Before I could finish the man blurted out, “I’m aware our pastor needs help, but we can’t afford to hire any more staff.”
I couldn’t let that one go unanswered, so I responded, “I’ve never met a pastor who needed help. You don’t need more staff. All you need to do is equip your congregation to do ministry.”
For a brief moment the man looked at me dumbfounded and perplexed. Then with a hint of sadness in his voice he uttered the most despicable statement a Christian can make: “But we’re just laypeople. We’re not called to the ministry and we certainly aren’t professionals.”
(From Put on Your Own Oxygen Mask First: Rediscovering Ministry, Bill Easum, with Linnea Nilsen Capshaw, Nashville, Abingdon Press, 2004, pg. 14)
One of the regrettable results of our United Methodist stress on careful preparation for, and collegial accrediting for our pastors is that there have been a steady “professionalizing” of ministry. Easum makes the flat, direct statement, “I’ve never met a pastor who needed help. You don’t need more staff.”
We pastors ought to see ourselves, not as the “ministers,” but rather as coaches and equippers of those who are called to the ministry of Christ – the laity, the People of God. Years ago, my friend John Westerhoff said, “If you are a layperson and you are spending more than fifteen hours a week at church, you are wasting your time. That is not your ministry. You are not to run errands for the pastor at church, you are to join in Christ’s ministry in the world.”
Westerhoff continued, “And if you are a pastor who spends more than fifteen hours a week working in the world, you are wasting your time. The work of the laity is too tough for them to do that work without being equipped and enabled to do that work. Your job, as pastor, is to equip them for their baptismal work in the world.”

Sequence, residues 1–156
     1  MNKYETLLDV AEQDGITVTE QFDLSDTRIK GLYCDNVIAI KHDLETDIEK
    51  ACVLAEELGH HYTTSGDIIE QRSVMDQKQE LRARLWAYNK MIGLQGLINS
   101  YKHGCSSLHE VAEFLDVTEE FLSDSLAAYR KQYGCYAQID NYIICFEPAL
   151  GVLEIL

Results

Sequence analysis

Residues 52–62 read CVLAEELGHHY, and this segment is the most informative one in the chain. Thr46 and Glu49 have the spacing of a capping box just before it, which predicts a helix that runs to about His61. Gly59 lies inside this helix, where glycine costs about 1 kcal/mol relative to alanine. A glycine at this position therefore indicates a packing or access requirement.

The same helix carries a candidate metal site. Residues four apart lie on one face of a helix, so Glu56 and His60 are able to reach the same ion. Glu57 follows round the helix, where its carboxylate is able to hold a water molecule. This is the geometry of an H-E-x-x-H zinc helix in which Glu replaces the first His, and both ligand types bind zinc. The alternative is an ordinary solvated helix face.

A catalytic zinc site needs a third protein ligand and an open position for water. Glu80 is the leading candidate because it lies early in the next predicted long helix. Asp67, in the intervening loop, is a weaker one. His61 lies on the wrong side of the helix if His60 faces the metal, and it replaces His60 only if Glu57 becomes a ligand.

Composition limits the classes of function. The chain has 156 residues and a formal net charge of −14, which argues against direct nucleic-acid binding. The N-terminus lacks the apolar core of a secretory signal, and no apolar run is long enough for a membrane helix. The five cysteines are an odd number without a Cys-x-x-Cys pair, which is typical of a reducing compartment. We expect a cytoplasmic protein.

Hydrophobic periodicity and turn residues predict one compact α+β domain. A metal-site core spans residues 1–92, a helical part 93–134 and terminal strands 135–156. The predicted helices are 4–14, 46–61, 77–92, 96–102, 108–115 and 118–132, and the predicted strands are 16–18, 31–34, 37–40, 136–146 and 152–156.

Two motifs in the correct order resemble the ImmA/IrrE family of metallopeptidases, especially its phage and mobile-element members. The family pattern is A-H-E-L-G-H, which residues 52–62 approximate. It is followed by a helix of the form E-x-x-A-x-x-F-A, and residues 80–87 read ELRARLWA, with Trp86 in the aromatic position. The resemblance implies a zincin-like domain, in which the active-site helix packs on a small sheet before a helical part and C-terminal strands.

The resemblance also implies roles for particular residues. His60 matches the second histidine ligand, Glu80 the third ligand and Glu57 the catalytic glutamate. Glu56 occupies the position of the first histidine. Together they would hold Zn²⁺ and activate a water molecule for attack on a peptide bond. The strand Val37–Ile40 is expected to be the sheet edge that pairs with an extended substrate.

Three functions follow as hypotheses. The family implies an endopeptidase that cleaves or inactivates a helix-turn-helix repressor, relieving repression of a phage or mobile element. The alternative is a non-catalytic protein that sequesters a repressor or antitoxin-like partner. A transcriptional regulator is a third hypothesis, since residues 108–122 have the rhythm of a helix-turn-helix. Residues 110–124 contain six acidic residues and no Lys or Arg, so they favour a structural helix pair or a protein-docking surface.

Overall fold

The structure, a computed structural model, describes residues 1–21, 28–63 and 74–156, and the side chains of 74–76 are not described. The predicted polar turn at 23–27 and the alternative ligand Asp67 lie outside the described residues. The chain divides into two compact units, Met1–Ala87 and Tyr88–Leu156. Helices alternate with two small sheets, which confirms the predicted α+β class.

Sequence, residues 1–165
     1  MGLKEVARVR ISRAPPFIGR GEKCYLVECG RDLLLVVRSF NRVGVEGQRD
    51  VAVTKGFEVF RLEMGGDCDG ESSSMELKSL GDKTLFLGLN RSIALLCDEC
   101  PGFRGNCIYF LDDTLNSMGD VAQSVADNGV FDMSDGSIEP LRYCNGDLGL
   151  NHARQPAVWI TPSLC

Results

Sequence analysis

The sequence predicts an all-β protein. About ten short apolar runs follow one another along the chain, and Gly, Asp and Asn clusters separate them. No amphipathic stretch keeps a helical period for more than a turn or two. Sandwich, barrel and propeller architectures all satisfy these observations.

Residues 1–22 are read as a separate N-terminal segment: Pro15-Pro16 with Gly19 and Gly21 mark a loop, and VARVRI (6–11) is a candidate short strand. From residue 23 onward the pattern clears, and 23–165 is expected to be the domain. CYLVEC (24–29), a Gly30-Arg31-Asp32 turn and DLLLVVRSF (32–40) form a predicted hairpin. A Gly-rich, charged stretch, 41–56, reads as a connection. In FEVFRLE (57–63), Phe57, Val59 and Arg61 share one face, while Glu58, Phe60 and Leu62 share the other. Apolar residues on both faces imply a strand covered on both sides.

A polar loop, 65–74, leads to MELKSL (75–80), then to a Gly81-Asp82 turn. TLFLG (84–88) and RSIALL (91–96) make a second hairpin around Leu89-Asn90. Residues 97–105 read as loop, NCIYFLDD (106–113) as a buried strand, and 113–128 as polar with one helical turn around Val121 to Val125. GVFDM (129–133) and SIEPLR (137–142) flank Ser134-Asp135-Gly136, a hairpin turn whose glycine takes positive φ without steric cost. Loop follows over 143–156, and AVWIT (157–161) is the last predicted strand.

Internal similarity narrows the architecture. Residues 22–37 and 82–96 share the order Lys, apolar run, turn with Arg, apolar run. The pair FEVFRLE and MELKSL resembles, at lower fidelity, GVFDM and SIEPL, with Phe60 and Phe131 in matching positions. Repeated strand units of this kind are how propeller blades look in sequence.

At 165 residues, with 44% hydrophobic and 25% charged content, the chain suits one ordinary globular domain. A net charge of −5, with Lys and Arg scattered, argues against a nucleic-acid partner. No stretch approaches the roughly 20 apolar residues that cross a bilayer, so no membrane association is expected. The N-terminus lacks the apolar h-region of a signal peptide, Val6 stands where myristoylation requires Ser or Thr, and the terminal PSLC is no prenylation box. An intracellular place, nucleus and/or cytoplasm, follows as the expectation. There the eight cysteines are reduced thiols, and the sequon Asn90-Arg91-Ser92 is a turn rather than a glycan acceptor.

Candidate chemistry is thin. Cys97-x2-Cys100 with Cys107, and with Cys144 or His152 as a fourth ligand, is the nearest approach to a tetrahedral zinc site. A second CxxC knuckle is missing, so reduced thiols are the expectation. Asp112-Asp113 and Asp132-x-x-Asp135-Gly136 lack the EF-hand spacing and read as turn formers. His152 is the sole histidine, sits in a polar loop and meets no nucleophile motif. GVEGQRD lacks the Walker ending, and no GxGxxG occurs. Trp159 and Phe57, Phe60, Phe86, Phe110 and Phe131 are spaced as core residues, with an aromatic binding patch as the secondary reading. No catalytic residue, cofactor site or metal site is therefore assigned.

So that implies that the test for our pastoral ministry is not, “How much have I been able to accomplish at my church?” but rather, “How much have I enabled the laity to accomplish at their church.”

William H. Willimon

The Dream of Pastoral Leadership

Most contemporary accounts of leadership imply that the leader is the one who asks questions, moves toward answers, and clarifies where we are and what we are doing. However, Lewis Parks and Bruce Birch note that the Christian leader may be the one who helps us live with mystery, to follow the Dream, to find meaning and direction, even when our final destination is left up to God:

By most contemporary accounts the leader should ask the sort of questions that clear up the fog and reveal a clear path forward to a specific destination. What traits do I need to be successful? Where are the models of excellence? What information must I process? What corporate culture must I penetrate? Where are the landmines? How accurate is our feedback system? What nostalgia is holding us back? What vision will propel us forward? What may we extrapolate from the present to prepare for our future?

According to the books of Samuel leadership is not about clearing up a fog or, to use a preferable word, a mystery. Leadership is about learning to accept that mystery and to live well within it. In the fecund language of William Cowper’s 1774 hymn on providence, leadership means being absorbed by the questions arising from one overriding fact: “God Moves in a Mysterious Way.” Are the ominous clouds on the horizon actually “big with mercy,” and will those clouds “break in blessings” on our heads? Can I stop projecting the fears of “feeble sense” on the Lord long enough to glimpse the “smiling face” that lies “behind a frowning providence”? Am I strong enough to break rank from those who “scan his work in vain” because of their unbelief? Will I allow God the courtesy of interpreting what God is up to because I hope that one day God “will make it plain”?